2.9 Identification of 5mC-associated molecular clusters

To confirm distinct 5mC methylation modification patterns, unsupervised clustering analysis based on 21 5mC regulators expression profiles was conducted by the R package “ConsensuClusterPlus” (42). To guarantee the stability of the clustering, a thousand repetitions were performed, and each iteration contained 80% of the samples. The cumulative distribution function (CDF) curve of the consensus score was used to define the optimal cluster number. Then, similar to previous studies (4347), principal component analysis was further performed on these 5mC regulators to calculate principal component 1, which was used for 5mC score calculation in this study.


i shows the expression of 5mC regulator genes.

2.10 Exploration of immune characteristics and hallmark pathway activity in the clusters

Gene set variation analysis (GSVA) via the R package “GSVA” was performed to explore Hallmark pathways on biological differences between two clusters (48). Besides, the enrichment scores that represented the 28 immunocytes infiltration levels in each sample were evaluated using single-sample GSEA (ssGSEA) algorithm, and immunocyte scores of the samples in CAD group were calculated as well. The marker genes of the 28 immunocytes were acquired from a previous study (49). The Kruskal-Wallis test was used to analyze the infiltration levels of each immunocyte between two clusters. Then the correlation between hub 5mC regulators and immunocytes was determined by Spearman correlation analysis. Subsequently, DEGs between clusters were identified by the R package “limma.” Then, Gene ontology (GO) and Kyoto Encyclopedia of Genes and Genomes (KEGG) functional enrichment analyses were conducted on these 5mC phenotype-related DEGs to observe the functions or pathways in which the 5mC regulators may affect.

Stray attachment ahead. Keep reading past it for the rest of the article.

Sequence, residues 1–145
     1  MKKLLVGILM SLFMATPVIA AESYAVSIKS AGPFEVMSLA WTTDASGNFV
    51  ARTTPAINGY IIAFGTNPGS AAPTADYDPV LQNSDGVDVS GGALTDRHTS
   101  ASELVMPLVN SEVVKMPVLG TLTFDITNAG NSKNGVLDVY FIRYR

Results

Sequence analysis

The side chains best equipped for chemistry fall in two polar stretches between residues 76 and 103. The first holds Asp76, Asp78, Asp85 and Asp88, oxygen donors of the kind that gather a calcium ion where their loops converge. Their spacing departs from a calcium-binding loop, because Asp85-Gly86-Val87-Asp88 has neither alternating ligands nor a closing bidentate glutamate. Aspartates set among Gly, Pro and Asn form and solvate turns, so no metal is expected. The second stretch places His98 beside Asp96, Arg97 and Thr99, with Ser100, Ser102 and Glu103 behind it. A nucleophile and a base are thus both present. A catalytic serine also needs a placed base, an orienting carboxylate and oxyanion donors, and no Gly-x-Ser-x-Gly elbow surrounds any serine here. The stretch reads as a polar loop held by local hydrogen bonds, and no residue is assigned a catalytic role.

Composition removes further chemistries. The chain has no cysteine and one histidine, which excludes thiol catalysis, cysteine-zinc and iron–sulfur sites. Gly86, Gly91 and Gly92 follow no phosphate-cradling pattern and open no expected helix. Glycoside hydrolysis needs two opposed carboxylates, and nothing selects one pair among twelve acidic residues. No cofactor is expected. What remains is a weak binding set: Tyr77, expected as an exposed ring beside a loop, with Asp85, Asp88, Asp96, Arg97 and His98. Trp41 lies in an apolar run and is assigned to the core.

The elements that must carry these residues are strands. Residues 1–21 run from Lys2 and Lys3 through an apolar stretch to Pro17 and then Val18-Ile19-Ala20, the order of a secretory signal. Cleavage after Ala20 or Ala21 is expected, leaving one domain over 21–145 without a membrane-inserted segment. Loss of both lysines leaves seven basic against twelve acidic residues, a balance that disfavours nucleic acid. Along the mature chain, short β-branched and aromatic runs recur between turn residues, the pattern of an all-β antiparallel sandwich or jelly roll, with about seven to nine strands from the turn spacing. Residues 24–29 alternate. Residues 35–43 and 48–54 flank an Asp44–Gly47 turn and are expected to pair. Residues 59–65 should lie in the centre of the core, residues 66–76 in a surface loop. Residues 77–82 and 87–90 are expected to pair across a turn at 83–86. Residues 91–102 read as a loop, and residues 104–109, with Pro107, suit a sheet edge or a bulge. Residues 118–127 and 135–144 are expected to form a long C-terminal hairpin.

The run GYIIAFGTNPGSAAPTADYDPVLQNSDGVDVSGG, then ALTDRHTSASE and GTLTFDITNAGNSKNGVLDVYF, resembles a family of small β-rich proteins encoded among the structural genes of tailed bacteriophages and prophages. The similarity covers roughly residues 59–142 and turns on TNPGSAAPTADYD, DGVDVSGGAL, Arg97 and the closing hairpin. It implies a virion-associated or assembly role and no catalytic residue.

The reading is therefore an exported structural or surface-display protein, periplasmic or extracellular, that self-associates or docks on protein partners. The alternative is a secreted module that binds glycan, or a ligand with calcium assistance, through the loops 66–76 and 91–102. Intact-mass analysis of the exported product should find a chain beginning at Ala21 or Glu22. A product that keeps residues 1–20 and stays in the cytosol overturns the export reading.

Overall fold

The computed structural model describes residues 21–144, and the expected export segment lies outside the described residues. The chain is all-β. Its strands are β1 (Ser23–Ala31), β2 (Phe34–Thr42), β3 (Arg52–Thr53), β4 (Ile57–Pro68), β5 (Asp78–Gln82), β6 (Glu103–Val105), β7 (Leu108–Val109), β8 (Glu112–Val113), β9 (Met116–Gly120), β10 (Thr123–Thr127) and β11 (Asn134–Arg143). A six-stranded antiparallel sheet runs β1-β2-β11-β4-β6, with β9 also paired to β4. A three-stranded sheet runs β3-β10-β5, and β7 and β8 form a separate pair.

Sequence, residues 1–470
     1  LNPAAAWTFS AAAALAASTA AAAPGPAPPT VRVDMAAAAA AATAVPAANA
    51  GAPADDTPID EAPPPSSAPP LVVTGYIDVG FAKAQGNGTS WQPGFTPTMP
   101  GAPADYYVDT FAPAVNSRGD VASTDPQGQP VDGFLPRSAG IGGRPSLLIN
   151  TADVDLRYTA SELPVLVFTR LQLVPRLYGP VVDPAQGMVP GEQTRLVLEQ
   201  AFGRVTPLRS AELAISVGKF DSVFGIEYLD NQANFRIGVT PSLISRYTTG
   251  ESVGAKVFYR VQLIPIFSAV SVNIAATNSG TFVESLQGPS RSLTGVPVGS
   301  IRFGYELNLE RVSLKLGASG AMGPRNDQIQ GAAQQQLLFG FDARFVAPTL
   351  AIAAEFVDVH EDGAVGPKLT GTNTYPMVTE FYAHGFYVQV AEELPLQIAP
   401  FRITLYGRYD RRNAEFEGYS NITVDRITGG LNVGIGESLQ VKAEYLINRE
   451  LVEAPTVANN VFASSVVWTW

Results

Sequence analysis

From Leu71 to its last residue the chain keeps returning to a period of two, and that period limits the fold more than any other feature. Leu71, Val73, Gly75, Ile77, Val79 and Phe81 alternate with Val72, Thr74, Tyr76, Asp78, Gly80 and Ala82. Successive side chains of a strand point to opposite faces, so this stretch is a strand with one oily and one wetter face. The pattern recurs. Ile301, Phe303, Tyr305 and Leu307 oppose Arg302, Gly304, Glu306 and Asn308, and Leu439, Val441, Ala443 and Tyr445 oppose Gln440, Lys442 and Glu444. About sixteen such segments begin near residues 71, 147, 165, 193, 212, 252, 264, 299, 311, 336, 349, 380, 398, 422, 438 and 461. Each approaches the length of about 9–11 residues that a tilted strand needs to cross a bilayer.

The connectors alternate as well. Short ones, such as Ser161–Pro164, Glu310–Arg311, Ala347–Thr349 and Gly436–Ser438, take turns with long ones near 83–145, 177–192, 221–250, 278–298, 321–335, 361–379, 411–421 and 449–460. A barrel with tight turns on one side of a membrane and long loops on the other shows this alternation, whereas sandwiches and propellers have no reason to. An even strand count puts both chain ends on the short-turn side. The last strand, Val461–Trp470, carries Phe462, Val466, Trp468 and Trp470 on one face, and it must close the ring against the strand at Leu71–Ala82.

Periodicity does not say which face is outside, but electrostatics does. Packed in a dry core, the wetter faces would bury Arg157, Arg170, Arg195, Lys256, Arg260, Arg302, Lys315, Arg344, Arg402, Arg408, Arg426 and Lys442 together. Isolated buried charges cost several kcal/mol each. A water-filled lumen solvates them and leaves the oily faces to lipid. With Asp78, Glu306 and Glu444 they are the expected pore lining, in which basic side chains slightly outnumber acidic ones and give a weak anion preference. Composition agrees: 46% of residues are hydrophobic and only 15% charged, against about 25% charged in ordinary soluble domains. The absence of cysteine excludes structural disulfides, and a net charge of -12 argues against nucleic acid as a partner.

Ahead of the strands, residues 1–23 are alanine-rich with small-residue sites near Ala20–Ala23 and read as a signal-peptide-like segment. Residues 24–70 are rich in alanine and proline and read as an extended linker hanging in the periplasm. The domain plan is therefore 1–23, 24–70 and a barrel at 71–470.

2.11 Association of identified 5mC regulators and AMI

To further investigate the follow-up relationship between 5mC regulators and AMI. Two datasets (GSE59867 and GSE62646) were employed. The GSE59867 dataset contains relevant gene expression pattern at four time points of AMI patients: admission, discharge, after 1 month, and after 6 months. The GSE62646 dataset contains relevant gene expression pattern at three time points of AMI patients: admission, discharge, and after 6 months. The expression status of the hub 5mC regulators were compared between admission and other time points using Wilcoxon rank sum test.

2.12 Statistical analysis

R software 4.1.1 was conducted in this study for statistical analyses and visualization. The R package “ggplot2” was used to make statistical plots, and a two-tailed P-value < 0.05 was considered statistical significance unless otherwise specified.

3 Results

3.1 An overview of 5mC regulator genes in AMI and CAD